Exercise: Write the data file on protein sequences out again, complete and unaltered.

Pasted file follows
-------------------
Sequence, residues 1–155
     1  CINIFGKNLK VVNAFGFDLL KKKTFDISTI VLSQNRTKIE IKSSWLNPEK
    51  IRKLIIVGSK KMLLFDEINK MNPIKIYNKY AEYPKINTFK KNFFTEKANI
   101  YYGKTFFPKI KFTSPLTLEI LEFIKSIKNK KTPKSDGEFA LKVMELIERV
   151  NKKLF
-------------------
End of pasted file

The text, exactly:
Sequence, residues 1–155
     1  CINIFGKNLK VVNAFGFDLL KKKTFDISTI VLSQNRTKIE IKSSWLNPEK
    51  IRKLIIVGSK KMLLFDEINK MNPIKIYNKY AEYPKINTFK KNFFTEKANI
   101  YYGKTFFPKI KFTSPLTLEI LEFIKSIKNK KTPKSDGEFA LKVMELIERV
   151  NKKLF